Meir Panim implements programs that serve Israel’s neediest populations with respect and dignity. Meir Panim also coordinated care packages for families in the South during the Gaza War.
For all intents and purposes, construction in Jerusalem has come to a halt. Must Israel be forced to cede control of large swaths of Jerusalem before it becomes blatantly obvious that this president has, in fifteen months, eviscerated six decades of the American-Israeli partnership by unilaterally imposing his vision for “peace”?
Is there anything that can induce the administration to reverse course? Yes — the political keys to power imparted by the levers pulled by the voting public this coming November. The Jewish community must make it clear to Washington, immediately and unambiguously, that the stark reversal of decades of unity between the United States and Israel is harmful to America’s safety — and unacceptable to American Jews.
As American patriots and vigilant protectors of Israel, our united community will use every iota of our consolidated voting weight to support our views. Though the ever-growing Orthodox vote does not carry the largest numbers in the greater Jewish community, a strong united showing at the polls will in all probability influence various Congressional races.
A meaningful message must be sent to Washington insiders — Democrats and Republicans alike — and specifically to Congressional members who so publicly flaunt their pro-Israel credentials. While signing on to pro-Israel letters is a good and significant first step, Congress has effectively acquiesced to the administration’s damaging foreign policies, and this is intolerable to their constituencies.
Our elected officials must either demonstrably challenge this administration’s approach to Mideast policy and international relations or face an anxious and energized electorate. All candidates must know their actions or inactions will be heavily scrutinized. Candidates who share our ideals will be rewarded. Those who don’t will hear from us loud and clear. And we’d better back it up come November.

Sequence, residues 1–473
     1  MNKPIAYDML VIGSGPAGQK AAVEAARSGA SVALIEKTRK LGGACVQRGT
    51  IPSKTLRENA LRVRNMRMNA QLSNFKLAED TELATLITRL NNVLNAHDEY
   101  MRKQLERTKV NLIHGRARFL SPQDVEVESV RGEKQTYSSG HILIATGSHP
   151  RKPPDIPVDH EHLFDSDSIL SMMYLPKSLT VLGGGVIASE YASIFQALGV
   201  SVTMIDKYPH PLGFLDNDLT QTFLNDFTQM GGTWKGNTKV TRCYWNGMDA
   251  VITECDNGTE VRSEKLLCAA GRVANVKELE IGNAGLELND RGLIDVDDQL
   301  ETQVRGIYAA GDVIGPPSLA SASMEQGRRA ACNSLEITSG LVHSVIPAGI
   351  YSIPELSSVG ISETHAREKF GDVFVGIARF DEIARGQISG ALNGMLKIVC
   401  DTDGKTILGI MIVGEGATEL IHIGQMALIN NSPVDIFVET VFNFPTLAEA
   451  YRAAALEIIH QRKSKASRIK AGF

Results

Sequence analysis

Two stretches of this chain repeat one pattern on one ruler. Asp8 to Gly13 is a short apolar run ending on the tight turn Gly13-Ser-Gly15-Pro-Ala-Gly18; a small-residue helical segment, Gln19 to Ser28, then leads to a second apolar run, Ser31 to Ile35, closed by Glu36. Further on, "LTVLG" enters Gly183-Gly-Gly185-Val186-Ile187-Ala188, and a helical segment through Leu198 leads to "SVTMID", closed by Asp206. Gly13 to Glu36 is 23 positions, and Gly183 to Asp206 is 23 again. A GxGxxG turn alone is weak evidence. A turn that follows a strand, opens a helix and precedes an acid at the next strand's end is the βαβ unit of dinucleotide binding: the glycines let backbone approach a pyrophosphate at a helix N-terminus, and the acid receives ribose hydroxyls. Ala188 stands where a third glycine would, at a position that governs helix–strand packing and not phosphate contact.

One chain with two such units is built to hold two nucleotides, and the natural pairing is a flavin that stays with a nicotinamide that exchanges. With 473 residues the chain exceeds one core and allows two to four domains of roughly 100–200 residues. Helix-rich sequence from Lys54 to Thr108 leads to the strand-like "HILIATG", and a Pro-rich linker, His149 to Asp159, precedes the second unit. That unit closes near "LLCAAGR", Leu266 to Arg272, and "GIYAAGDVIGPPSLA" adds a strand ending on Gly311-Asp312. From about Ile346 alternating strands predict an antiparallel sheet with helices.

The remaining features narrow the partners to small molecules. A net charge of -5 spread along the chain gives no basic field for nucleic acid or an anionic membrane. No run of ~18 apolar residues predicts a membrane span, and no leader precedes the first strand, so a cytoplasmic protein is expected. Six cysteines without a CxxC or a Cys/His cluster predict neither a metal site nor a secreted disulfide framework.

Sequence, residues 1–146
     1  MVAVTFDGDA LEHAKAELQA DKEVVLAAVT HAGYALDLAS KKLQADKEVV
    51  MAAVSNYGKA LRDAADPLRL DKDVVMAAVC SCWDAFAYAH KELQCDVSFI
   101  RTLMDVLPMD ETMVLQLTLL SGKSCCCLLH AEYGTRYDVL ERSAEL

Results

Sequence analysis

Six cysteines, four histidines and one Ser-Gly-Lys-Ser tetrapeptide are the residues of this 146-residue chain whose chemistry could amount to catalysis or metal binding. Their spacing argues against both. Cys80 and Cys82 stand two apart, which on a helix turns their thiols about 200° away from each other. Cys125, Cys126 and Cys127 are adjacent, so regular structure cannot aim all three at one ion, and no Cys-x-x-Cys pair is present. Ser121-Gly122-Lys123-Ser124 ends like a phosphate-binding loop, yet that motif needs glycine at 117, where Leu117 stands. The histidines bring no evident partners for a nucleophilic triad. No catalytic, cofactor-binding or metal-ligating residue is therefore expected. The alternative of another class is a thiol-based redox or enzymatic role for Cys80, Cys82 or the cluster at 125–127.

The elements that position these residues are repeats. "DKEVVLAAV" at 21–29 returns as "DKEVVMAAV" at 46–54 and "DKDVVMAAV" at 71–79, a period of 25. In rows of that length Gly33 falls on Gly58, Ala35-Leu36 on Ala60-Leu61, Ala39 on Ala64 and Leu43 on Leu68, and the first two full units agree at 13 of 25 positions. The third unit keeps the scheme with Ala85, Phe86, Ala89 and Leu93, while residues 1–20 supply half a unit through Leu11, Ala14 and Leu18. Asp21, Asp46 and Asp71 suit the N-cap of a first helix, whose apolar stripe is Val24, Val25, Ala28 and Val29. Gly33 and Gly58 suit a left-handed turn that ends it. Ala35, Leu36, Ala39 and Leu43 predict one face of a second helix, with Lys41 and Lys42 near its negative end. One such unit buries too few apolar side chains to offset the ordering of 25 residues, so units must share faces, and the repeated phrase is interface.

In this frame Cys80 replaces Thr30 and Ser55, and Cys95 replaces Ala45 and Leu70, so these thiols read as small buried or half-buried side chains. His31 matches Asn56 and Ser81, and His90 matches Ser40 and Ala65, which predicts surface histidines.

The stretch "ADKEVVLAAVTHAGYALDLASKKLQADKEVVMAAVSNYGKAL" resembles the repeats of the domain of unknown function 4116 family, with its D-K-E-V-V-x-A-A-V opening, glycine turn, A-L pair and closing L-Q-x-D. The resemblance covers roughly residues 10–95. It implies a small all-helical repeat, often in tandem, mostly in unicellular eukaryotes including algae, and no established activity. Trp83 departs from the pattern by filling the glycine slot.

Wherever our community has a presence — in California, Ohio, Texas, Florida, Illinois, Maryland, Michigan, New Jersey, New York — we must identify and support Congressional candidates (Democrats or Republicans) who share and identify with the views of our community. Our activism is vital to the process of gaining a stronger voice for our interests.
Our adversaries walk the halls of Congress indoctrinating members in their ideas and goals. We too must encourage those who can to visit and engage Congressional members, thereby creating a face for our causes. Be it at the home office or in Washington, we must make our positions clear. Don’t just count on AIPAC — get involved.
Community leaders must determine what methods will galvanize the Orthodox Jewish community and unite its tens of thousands of voters. Numerous Congressional seats across the country are up for grabs, and the 2010 midterm election is destined to be one of the most important in decades. We need to stop shaking our heads in disbelief and roll up our sleeves, initiate community-wide voter registration drives and turn out the vote this coming November in unprecedented numbers. If we don’t, we must shamefacedly accept the blame for the harsh consequences sure to follow.
We have an opportunity to send a clarion call to the White House that the direction of the ship of state is drastically off course. We are taking on water. The work to change that begins now. Our voice — the voice of the unified Orthodox Jewish community — has not nearly realized its potential. The eyes of history are watching. All hands on deck.
About the Author: Chaskel Bennett is a writer, respected activist and member of the Board of Trustees of Agudath Israel of America. He can be contacted at email@example.com.
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